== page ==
It's common for infants to spit up after a meal. That little spit is called gastroesaphogeal reflux or GER. But frequent vomiting associated with discomfort and difficulty feeding or weight loss may be caused by something more serious known as GERD (gastroesophageal reflux disease). Both GER and GERD can cause the upward movement of stomach content, including acid, into the esophagus and sometimes into or out of the mouth. Oftentimes, that vomiting is repetitive. The differences between the two conditions are marked by the severity and by the lasting effects.
Older children also can have GERD.
Infant reflux generally isn't a cause for concern. It's very unusual for the stomach contents to have enough acid to irritate the throat or esophagus and to cause signs and symptoms.
When to see a doctor
See your baby's doctor if your baby:
- • Isn't gaining weight
- • Consistently spits up forcefully, causing stomach contents to shoot out of his or her mouth (projectile vomiting)
- • Spits up green or yellow fluid
- • Spits up blood or a material that looks like coffee grounds
- • Refuses food
- • Has blood in his or her stool
- • Has difficulty breathing or a chronic cough
- • Begins spitting up at age 6 months or older
- • Is unusually irritable after eating
In infants, the ring of muscle between the esophagus and the stomach — the lower esophageal sphincter (LES) — is not yet fully mature. That allows stomach contents to flow backward. Eventually, the LES will open only when your baby swallows and will remain tightly closed at other times, keeping stomach contents where they belong.
The factors that contribute to infant reflux are common in babies and often can't be avoided. These factors include:
- • Babies lying flat most of the time
- • An almost completely liquid diet
- • Babies being born prematurely
How and when to feed your baby
Give more frequent feeding
Your baby may be more likely to have reflux and to spit up when their stomach is too full. Increasing the frequency of feedings while decreasing the amount at each feed will likely help.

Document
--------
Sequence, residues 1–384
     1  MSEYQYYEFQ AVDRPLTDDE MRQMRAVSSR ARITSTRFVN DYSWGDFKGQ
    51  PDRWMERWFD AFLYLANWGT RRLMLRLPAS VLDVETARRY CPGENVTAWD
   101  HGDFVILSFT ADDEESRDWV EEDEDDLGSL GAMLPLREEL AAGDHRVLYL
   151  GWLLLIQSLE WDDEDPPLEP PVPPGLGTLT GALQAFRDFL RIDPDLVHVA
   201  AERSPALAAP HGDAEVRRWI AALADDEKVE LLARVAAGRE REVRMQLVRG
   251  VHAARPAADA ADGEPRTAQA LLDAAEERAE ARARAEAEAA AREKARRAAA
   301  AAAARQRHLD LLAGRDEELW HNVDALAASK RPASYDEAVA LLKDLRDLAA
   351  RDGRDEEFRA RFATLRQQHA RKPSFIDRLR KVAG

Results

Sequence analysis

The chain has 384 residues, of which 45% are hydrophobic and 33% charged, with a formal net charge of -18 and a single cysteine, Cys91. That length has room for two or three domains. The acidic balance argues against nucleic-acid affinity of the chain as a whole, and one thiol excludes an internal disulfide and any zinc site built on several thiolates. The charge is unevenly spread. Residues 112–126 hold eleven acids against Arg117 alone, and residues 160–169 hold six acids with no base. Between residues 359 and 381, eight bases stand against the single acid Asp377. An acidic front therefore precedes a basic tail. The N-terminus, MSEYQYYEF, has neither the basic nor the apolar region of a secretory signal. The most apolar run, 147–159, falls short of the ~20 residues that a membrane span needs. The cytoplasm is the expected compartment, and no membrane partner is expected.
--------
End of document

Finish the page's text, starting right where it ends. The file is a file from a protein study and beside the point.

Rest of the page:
A less-full stomach puts less pressure on the lower esophageal sphincter (LES). The LES is the ring of muscle that prevents food from going back into the esophagus from the stomach.
Feed them upright
If you can, feed baby upright and keep them in that position for about 30 minutes after. This can aid in preventing acids from creeping up.
Check bottle and nipple size
If you bottle feed, keep the nipple filled with milk throughout feedings to avoid air gulping. Try a variety of nipples, avoiding those with larger holes that can cause milk to flow too fast.
Buy slow flow bottle nipples online.
Thicken breast milk or formula
With your pediatrician’s approval, adding a small amount of infant rice cereal to formula or breast milk may be an option to lessen spitting up.
Thickening the food is thought to help stop stomach contents from sloshing up into the esophagus. This option has not been shown to decrease other reflux symptoms. Check with your doctor before trying this option.
Burp them more often
Whether you bottle-feed or breastfeed, make sure to frequently burp your baby. Burping your infant during a feeding may help with reflux symptoms.
Burp bottle-fed infants after every 1 to 2 ounces (or more frequently if they eat less). Burp breastfed babies any time they pull off the nipple.
Your infant’s sleeping position
Always put baby to sleep on their back on a firm mattress. Make sure the crib or sleeping area is free of thick blankets, pillows, loose objects, or plush toys.
Consider scheduling a bit of time between sleeping and eating instead of changing positions.
Medication and surgery
If lifestyle changes don’t help, your pediatrician may recommend further investigation into other causes of your baby’s symptoms, such as GERD.
Although medications like omeprazole (Prilosec) have been frequently used for treatment, studies question their effectiveness. The main function of these medications is to reduce stomach acid.
Surgery may be an option if medications and lifestyle adjustments don’t help ease your baby’s symptoms and if your baby isn’t gaining weight or has other complications. Tightening the LES makes it more stable so that less acid flows back into the esophagus.
The need for this type of surgery is rare, especially in infants. The procedure, called fundoplication, is usually reserved for babies whose reflux causes severe breathing problems or prevents growth.
Acid reflux in an infant is a treatable condition. Finding the lifestyle changes that work for your wee one will likely help get their acid reflux under control.
In many cases, adjustments at home may be all that’s needed to make your infant more comfortable. Mild cases can also go away with time.
Symptoms may also overlap with other conditions such as pyloric stenosis. This is a serious condition that causes abnormal tightening of a muscle that prevents proper emptying of the stomach. Pyloric stenosis causes forceful vomiting and should be evaluated by a doctor.
No matter what your baby’s symptoms, talk to your doctor about your concerns, so they can accurately diagnose the problem and help you find the best method for reducing your baby’s discomfort.